• Bats & Butterflies,  Uncategorized

    Death in the Bat Caves:
    Disease Still Wiping out Hibernating Bats

    Scientists suggest a roadmap to tackle disease which has killed over one million bats

    California, February 2011 – Conservationists across the United States are racing to discover a solution to White-Nose Syndrome, a disease that is threatening to wipe out bat species across North America. A review published in Conservation Biology reveals that although WNS has already killed one million bats, there are critical knowledge gaps preventing researchers from combating the disease.

    WNS is a fatal disease that targets hibernating bats and is believed to be caused by a newly discovered cold-adapted fungus, Geomyces destructans, which infects and invades the living skin of hibernating bats. Since 2006 about one million bats across six species in eastern North America have died from WNS, and as a result several species of bats face endangerment or extinction.

    “White-Nose Syndrome was first documented in 2006 in a tourist cave near Albany, New York. Dead and dying bats were then found in four nearby caves, 30 km west of Albany,” said lead author Janet Foley from the University of California, Davis. “By July 2010 G.destructans was identified in hibernating bats in 13 states as well as in Ontario and Quebec across the Canadian Border.”

    Affected bat species include the endangered Indiana and gray bats (Myotis sodalis and M. grisescens), little brown bat (M. lucifugus) and the cave bat (M. velifer). Infection has also been confirmed in five species of bats in Europe, although no similar epidemic has yet been recorded.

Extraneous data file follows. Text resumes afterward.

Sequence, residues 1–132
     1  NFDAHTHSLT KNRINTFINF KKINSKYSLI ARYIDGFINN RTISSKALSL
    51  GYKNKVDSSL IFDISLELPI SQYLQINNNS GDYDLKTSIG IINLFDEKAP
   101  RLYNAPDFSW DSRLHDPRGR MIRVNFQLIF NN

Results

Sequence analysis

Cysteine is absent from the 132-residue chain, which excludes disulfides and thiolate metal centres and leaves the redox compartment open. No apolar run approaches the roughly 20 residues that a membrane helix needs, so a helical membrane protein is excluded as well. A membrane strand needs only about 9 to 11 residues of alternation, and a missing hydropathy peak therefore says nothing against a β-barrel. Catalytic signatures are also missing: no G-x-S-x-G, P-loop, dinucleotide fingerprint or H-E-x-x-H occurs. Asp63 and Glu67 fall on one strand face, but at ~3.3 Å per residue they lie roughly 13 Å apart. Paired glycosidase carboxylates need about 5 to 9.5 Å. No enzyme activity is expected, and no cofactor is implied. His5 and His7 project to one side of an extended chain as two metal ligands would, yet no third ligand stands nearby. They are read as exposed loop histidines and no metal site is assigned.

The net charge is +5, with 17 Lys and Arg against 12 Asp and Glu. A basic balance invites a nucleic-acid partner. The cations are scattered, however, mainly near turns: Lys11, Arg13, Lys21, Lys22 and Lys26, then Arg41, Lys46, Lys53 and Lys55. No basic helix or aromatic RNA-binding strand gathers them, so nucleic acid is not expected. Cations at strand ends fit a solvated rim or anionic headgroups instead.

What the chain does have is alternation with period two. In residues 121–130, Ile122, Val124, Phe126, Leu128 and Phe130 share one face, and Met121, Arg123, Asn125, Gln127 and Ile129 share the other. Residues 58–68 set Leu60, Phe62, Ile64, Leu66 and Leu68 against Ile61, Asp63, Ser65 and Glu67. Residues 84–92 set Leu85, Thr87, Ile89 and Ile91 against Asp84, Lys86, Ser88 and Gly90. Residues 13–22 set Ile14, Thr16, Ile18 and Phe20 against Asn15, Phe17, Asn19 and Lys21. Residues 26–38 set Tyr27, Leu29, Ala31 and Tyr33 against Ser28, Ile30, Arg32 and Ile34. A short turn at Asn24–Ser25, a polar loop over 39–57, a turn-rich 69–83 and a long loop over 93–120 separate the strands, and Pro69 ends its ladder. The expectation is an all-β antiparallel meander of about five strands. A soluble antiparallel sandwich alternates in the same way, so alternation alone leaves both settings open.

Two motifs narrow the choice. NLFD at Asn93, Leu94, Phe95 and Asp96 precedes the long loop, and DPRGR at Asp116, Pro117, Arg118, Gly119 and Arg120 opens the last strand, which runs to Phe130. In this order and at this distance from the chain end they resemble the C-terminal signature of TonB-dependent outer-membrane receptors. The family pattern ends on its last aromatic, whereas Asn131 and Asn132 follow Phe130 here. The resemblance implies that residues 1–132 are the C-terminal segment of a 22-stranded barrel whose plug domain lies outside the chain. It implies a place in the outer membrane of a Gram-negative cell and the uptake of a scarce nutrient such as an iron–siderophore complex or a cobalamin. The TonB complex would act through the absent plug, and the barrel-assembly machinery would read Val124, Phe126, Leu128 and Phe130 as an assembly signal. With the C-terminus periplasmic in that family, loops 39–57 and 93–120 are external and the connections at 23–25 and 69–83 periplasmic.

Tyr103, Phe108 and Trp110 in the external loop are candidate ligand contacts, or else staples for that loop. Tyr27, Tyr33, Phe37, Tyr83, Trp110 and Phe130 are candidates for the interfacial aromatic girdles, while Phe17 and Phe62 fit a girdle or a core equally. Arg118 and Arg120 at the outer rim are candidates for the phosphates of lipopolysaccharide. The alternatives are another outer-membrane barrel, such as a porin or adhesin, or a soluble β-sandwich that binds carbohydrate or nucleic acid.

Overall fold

The low temperatures and humid conditions of bat caves create ideal breeding grounds for this fungus, and in some bat colonies the mortality rate from WNS has been more than 95%.

    “Some bats in infected bat colonies behave abnormally when infected, choosing to hibernate in exposed places, such as cave entrances or even flying during the day,” said Foley. “Bats regularly arouse from hibernation in order to drink, urinate and relocate. This causes them to burn up their only source of energy during winter, the body fats they stored prior to winter when insect prey was still available. Fungal infection might be leading to more frequent arousals from hibernation, causing infected bats to use up their fat reserves earlier, with potentially fatal consequences.”

    Although the effects of the disease are all too apparent, there are critical knowledge gaps for researchers confronted with combating the disease. It remains unclear if G. destructans is the only pathogen involved, how it causes mortality, and its means of transmission. Some evidence suggests that people can move the fungus from cave to cave.